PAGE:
For Brazil, the most promising part of Mercosur’s announcement of a trade deal with the European Union is that it would give the country a path – with or without its regional partners – to implement comprehensive reforms and open its economy to global trade.
It’s an unexpected opportunity that President Jair Bolsonaro should take care not to squander.
An acrimonious 20-year negotiation process made it seem as though the accord would never happen at all. Indeed, the announcement that a deal had been reached took most experts by surprise. Trade negotiations naturally face challenges, but when it came to Mercosur and the EU, the stalemate was especially hard to break. While the EU is open to trade but protective mostly of its agricultural products (exactly the sector where Mercosur can boast its comparative advantage), Mercosur brings together some of the most closed markets for manufactured goods. These were not conditions for an easy deal.
But several factors made the agreement possible. First were the political conditions in Mercosur’s two dominant economies. In Brazil, Bolsonaro has a far more favorable stance towards trade liberalization than did his predecessors. In Argentina, President Mauricio Macri is running for re-election and is keen to show results in trade and foreign policy. The Mercosur bloc also improved its liberalization offers, and on the EU side the impending end of the European Commission’s term in office and its desire to counter rising protectionism in the United States played an important role.
The broad outlines of the deal suggest important benefits for both sides. In exchange for the opening of its closed regional market to 91% of the European Union’s exported goods, Mercosur gained full liberalization for 95% of its goods in EU markets. While the EU already had a relatively open economic environment, for the South American bloc this is a de facto opening to foreign trade, given the current level of protectionism in the region. The changes for Europe will be limited at first, since Mercosur’s agricultural products will be subject to quotas and most of its manufactured products already have low tariffs.
Other elements of the deal, such as commitments to stay in the Paris climate accord and agreements on rules of origin and the services sector, will similarly require more significant changes for Mercosur than for the EU.
The agreement is still being revised, and there remain some possible points of contention. For example, the two sides seem to have different interpretations of the “principle of precaution,” which refers to the right of a country to impose barriers to imports that may harm health or the environment, even in the absence of scientific evidence. This has been a contentious issue since the beginning of the negotiation, with the Europeans seeing a much wider scope to invoke it.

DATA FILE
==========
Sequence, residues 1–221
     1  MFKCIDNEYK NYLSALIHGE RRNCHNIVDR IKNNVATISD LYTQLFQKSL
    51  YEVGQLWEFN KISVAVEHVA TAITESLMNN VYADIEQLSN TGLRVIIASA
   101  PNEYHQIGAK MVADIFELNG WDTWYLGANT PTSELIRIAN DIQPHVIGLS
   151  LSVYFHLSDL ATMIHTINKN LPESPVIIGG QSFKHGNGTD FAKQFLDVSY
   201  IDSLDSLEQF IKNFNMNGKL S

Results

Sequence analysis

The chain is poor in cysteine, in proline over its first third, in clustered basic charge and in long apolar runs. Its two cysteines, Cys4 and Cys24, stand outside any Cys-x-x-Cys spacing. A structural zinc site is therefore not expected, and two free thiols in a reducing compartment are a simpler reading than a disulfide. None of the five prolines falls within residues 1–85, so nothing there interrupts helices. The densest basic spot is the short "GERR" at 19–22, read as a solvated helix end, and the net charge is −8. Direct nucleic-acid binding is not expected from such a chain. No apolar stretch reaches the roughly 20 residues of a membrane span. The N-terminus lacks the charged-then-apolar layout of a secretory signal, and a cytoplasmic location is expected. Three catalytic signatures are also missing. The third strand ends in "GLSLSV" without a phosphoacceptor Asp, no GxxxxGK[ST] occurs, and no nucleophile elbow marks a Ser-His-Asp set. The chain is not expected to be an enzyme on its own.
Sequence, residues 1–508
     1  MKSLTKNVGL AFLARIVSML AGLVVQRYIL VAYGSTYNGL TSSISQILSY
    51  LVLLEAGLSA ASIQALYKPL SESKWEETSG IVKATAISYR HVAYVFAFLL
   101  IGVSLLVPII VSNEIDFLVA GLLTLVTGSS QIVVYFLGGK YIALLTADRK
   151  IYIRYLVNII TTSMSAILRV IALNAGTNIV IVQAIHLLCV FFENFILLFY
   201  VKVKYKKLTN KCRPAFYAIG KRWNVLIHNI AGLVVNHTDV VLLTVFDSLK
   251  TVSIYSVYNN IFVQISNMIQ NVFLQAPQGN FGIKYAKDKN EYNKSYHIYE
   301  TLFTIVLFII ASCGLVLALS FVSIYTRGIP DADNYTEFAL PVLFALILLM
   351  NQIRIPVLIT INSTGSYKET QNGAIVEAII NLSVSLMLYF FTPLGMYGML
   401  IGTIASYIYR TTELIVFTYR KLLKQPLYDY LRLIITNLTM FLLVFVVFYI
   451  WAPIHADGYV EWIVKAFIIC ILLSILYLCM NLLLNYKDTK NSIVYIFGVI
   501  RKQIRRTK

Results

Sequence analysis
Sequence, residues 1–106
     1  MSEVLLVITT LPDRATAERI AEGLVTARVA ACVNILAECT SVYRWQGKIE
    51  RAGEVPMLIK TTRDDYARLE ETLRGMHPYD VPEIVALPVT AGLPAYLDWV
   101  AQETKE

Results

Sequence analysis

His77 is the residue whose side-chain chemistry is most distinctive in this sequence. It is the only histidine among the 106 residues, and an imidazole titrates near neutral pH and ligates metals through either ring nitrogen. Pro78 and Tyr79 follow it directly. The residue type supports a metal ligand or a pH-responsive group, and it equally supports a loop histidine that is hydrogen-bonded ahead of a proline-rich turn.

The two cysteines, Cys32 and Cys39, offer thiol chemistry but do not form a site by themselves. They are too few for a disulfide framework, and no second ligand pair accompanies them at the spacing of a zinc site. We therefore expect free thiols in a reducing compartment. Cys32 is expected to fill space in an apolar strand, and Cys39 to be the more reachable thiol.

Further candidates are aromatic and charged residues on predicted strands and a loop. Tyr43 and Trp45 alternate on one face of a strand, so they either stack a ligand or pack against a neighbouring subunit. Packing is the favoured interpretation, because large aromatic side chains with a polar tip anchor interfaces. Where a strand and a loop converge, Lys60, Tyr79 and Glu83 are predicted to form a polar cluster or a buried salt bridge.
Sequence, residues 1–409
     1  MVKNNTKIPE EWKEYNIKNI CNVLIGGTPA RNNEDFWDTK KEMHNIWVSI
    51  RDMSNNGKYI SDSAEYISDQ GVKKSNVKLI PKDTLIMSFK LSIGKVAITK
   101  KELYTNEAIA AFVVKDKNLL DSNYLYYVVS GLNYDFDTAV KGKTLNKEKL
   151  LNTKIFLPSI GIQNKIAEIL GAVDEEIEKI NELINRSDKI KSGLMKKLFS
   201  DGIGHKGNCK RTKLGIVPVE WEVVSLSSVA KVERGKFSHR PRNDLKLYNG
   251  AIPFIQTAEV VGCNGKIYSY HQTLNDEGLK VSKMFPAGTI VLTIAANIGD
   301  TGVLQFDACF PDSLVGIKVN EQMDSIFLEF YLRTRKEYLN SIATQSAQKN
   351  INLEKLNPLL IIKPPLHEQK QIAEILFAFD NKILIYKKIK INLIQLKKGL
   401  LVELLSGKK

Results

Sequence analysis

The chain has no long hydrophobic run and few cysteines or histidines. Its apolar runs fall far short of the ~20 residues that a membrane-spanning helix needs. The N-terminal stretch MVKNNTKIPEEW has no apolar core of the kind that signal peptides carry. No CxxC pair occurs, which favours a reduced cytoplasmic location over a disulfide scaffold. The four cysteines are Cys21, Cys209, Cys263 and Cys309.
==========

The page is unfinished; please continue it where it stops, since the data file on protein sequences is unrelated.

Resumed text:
Still, the agreement appears well on its way to becoming a reality. Mercosur is now entering the world of modern and ambitious preferential trade deals. And they are starting with a very important partner. For Mercosur as a whole, this is a positive step. And for Brazil, it has the potential to be transformational.
That’s because, beyond eliminating import tariffs for 91% of EU products, the agreement should help Brazil modernize its regulatory framework and its institutions – and not only those related to trade. The effort to upgrade Brazil’s institutional framework will impact diverse areas of its economy, from public procurement, competition policy, the enforcement of technical standards and sanitary norms, intellectual property protection, compliance with environmental and labor international treaties, and more.
Implementation will take time. It should take around three years until the agreement has gone through all necessary steps and the final ratification by multiple bodies, including all of Mercosur members’ parliaments, takes place. After that, the implementation of the negotiated commitments will take another 15 years to take full effect.
But the Brazilian economy doesn’t have to wait this long to benefit from the positive effects of trade liberalization on productivity and competitiveness. Brazil’s trade policy can proceed in two parallel tracks: unilateral reforms to liberalize trade, and the negotiation of similar deals with other relevant partners. Many analysts used to say reforms towards unilateral liberalization would endanger the negotiations with the EU. Now, the deal is signed. No more excuses.
Polónia Rios and Motta Veiga are directors of the Center for Studies in Integration and Development (Centro de Estudos de Integração e Desenvolvimento)